Why sugar is no longer a cyclical activity

According to Vivek Saraogi, Managing Director of Balrampur Chini Mills, India’s sugar sector is no longer a cyclical business, with its fortunes tied to trends in sugar production and supply. His observation is telling for a sector long viewed as a cyclical game by investors and indicates gradual structural change.

“I would be surprised if anyone thinks it is still cyclical. There is no cyclicality and I would like you to believe that too,” Saraogi said. CNBC-TV18 Wednesday.

why is it important

The welfare of the sugar sector, an agribusiness, plays a central role in the fortunes of millions of farmers with enormous political and economic ramifications. Remember election season – how cane dues or insolvent sugar companies or sugar inflation become a polling issue and no political party wants bad press.

Any government at the time, in the Center or in the State, had a dual objective – first, to keep sugar prices stable, which explains the government’s recent decision to limit exports; and second, to protect the interests of cane growers.

Sugar was kept as a government-controlled commodity and sold through the Public Distribution System (PDS) in addition to open market stores. To ensure a regular supply to PDS stores, the government allocates a monthly quota to each sugar factory to sell, ensure deliveries and pay farmers.

It operates largely under the “reservation rod and bond area” system. For example, the Ministry of Food is said to have issued a Cabinet note on increasing the fair price of sugar cane by Rs 15/100 kg. The current fair price is Rs 290/100 kg for 2021-22.

The above arrangement, however, reduces the bargaining power of the farmer, while the mills face their own issues such as flexibility in increasing cane supplies, cane quality et al.

Overall, the system is still not considered effective as it still results in pending dues for farmers and challenges for sugar mills, as pointed out by successive committees and experts, including the C Rangarajan Committee .

The world’s largest consumer goes into a surplus

Sugar prices are linked to sugar production and supply from two of the world’s largest producers, Brazil and India. From a consumption perspective, the demand outlook in India is significant as we are the largest consumer with total domestic consumption of around 2.6 crore tonnes 2020-21, according to the economic survey report 2021-22.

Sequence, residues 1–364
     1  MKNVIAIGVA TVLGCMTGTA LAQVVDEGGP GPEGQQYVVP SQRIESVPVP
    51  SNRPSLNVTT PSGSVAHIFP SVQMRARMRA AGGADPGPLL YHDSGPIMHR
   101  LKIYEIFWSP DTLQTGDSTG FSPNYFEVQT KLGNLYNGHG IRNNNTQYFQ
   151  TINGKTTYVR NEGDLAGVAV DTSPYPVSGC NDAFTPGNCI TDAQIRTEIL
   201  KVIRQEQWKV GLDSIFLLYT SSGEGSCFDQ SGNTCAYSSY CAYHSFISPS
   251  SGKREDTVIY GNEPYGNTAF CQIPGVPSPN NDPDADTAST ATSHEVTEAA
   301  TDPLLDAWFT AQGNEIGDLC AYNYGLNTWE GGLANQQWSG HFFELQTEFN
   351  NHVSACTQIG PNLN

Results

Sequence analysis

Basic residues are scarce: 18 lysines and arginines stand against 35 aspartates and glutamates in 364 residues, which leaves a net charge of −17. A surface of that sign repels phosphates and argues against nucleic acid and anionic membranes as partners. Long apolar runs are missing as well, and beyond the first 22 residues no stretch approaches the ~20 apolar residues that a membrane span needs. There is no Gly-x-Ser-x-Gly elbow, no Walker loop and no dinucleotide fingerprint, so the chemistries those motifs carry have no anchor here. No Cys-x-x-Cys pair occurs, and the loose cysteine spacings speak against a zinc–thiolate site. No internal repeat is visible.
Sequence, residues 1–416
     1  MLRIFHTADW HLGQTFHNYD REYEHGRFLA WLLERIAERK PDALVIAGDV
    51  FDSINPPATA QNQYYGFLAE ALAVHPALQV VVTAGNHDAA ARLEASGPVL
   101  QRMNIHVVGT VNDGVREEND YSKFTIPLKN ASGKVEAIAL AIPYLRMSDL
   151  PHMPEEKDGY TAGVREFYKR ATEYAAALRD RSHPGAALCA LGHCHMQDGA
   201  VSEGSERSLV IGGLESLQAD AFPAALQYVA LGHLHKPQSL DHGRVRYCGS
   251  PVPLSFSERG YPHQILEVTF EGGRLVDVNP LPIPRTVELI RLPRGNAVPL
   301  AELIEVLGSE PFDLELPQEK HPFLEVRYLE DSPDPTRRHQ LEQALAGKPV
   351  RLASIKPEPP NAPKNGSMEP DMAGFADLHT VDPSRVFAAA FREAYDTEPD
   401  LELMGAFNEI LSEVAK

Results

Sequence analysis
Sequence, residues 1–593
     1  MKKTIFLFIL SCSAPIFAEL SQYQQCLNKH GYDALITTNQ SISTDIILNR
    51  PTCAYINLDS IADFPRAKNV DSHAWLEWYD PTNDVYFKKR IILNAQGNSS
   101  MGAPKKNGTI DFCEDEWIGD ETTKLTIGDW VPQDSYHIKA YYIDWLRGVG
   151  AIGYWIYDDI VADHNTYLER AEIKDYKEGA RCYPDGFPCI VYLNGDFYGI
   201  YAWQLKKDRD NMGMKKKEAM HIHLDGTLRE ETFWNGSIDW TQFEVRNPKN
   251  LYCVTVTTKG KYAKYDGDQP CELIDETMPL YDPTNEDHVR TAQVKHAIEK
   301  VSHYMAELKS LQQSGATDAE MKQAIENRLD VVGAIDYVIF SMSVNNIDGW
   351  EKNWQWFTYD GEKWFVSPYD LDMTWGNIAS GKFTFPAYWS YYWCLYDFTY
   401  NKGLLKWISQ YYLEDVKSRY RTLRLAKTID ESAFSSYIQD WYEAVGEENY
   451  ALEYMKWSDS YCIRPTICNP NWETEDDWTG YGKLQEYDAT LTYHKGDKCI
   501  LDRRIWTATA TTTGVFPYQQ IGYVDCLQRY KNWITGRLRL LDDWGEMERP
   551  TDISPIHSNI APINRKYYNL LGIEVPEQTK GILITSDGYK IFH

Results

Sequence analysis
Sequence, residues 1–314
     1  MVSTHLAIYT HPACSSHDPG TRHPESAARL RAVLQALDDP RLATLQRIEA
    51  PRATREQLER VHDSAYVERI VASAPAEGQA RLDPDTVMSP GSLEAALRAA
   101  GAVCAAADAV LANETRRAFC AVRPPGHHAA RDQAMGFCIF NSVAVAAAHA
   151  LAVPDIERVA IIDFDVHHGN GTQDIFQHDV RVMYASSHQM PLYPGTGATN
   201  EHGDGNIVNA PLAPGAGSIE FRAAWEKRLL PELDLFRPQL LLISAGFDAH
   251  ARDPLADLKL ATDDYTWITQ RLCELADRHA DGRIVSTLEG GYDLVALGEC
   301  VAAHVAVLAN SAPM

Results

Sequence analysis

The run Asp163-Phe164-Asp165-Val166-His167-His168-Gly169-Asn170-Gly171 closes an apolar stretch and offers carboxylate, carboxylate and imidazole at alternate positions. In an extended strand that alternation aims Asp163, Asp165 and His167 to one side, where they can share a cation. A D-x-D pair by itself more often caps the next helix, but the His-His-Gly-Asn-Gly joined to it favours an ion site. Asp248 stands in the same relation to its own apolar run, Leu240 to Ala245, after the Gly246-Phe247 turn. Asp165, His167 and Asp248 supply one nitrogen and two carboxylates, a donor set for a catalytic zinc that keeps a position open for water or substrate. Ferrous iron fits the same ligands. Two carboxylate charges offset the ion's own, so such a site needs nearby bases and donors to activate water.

The average annual production of sugarcane in India is about 35.5 crore tons which is used to produce about 3 crore tons of sugar, the report adds.

And for the past few years, production has exceeded consumption, which also gives India a surplus to export. But the excess sugar cane production has come with new problems, as mills are required to buy more cane and pay farmers in a stable demand environment.

Ethanol to the rescue

India plans to increase the proportion of ethanol in gasoline to 20% from April 2023, as part of its national biofuel policy – aimed at reducing the country’s dependence on oil imports and to move towards greener fuels. This helps the mills and heralds the fundamental change and, as Saraogi explains, “the government is incentivizing the mills to divert excess cane/sugar to ethanol production.”

“The government says whatever sugar you produce, we’ll take care of it – diversion to ethanol, a good price and a roadmap that says whatever you pick up, we’ll take it. We’ll pay you a higher price if we increase your input cost or if your input cost increases for other reasons.We’ve seen how ethanol prices have changed over time.You get your adjustments based on your input cost. inputs which is FRP (fair and remunerative price) – if it goes up this year, you can be sure that the price of ethanol goes up,” Saraogi added.

Rachel J. Bradford